Protesters fail to save mural by famed Chicano artist from demolition at San Diego school
The mural was painted by influential artist Salvador Roberto Torres, who helped create Chicano Park and Centro Cultural de la Raza.
Community members tried unsuccessfully to stop the demolition of a 32-year-old mural painted by a renowned San Diego Chicano artist at Memorial Prep Middle School in the Logan Heights neighborhood.
The school building bearing the mural was torn down Wednesday afternoon despite Encanto resident Monica Bernal holding a sit-in protest for about an hour before she was taken away by police.
The muralist, Salvador Roberto Torres, an influential artist who helped create Chicano Park in 1970, wrote to school district officials this week trying to enforce what he said was his right to remove the mural before it was destroyed.
San Diego Unified officials said the mural could not be saved because it was painted on a classroom building that contained asbestos. Breaking into the wall to preserve the mural would have released the hazardous material, officials said.
District officials said the mural has been documented and will be re-created at the new school site.
Still, community members saw the destruction of the mural as a loss for Chicano culture and the community’s history.
Bernal, who went to Memorial Prep, said she sees it as another form of erasure of history and culture in an area that is being gentrified.
“It’s an erasure of who we are,” she said. “Those murals are who we are. They tell our history.”
The mural was painted around 1988 by Torres, who co-founded the Centro Cultural de la Raza and spearheaded a murals project at Chicano Park starting in 1973. The park now holds the largest collection of Chicano murals in the world, according to the UC Santa Barbara Library.
The mural featured a diverse group of Memorial students and graduates, veterans of World War I and Sharon “Christa” McAuliffe, the teacher who became an astronaut and who died in the 1986 space shuttle Challenger explosion.
“It’s a joyful, important, colorful mural that I enjoyed making,” Torres said at a press conference Wednesday morning in front of the demolition site.
There are at least three other murals in addition to Torres’ at Memorial Prep: two by Sal Barajas and one by Mario Torero. Torero’s mural, located in the school library, is the only one that could be saved because it was painted on removable panels.
“We want to take some control of our community through our art,” Torero said. “It’s history.”
Over the course of an hour Wednesday, police spoke with Bernal and tried to convince her to leave the site. She refused. Police then handcuffed her and carried her off site, she said, and gave her a misdemeanor ticket for failing to disperse.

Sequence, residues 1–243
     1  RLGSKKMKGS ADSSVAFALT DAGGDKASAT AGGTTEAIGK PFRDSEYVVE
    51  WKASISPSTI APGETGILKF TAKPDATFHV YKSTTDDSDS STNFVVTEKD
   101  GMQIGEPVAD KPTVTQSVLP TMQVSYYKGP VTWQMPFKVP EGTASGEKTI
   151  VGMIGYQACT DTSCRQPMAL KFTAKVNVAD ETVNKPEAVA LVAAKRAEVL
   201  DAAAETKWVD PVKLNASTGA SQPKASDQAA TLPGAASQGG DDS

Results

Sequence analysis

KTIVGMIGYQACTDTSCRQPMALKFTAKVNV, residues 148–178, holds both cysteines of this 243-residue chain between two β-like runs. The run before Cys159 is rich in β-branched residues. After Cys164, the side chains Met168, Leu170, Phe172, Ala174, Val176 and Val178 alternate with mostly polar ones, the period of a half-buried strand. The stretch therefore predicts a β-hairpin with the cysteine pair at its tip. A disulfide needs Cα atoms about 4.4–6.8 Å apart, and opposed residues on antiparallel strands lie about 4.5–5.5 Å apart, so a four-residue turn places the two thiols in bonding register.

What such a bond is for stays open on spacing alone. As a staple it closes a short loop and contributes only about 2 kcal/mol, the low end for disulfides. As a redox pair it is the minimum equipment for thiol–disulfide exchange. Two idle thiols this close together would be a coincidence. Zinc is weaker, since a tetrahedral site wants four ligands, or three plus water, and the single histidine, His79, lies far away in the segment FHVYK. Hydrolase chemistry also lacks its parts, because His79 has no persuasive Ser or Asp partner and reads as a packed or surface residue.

San Diego School Police Capt. Joseph Florentino said the last thing police wanted to do was put their hands on a peaceful protester. But he said Bernal endangered herself and others by being so close to the building, which was already partially demolished and was close to collapsing.
“It’s tough when a historical community landmark goes away. We respect that,” Florentino said. “It’s a tough one for everybody.”
The murals have been documented in high-resolution color and black-and-white photos in accordance with the Historic American Buildings Survey, said San Diego Unified spokesman Samer Naji. The photos will be housed at the San Diego Central Library, the San Diego History Center and UC Santa Barbara Library Special Collections, which houses historical papers on Torres.
San Diego Unified School Board Vice President Richard Barrera said he thinks replicating the murals is a better way to preserve them. He said the murals were painted on old, deteriorating walls, and the murals would deteriorate, too, if the district did nothing about it.
“These murals cannot be preserved forever,” Barrera said. “The way to actually preserve them is to replicate them onto spaces that can be preserved.”
The demolition is part of a massive renovation that will transform the Logan K-8 elementary school and Memorial Prep middle school into a complex that will serve children from infants to high schoolers.
The project will build Logan Heights’ first public high school, along with a Montessori program. The complex also will offer athletic fields, a health and wellness center, access to legal representation, counseling and dental services.
“We know that this is important to the community, and we know that the artist is really invested in this,” Naji said. “We really tried to look at every alternative, but this project really is so critical.”
Taketa writes for the San Diego Union-Tribune.
The view from Sacramento
For reporting and exclusive analysis from bureau chief John Myers, get our California Politics newsletter.
You may occasionally receive promotional content from the Los Angeles Times.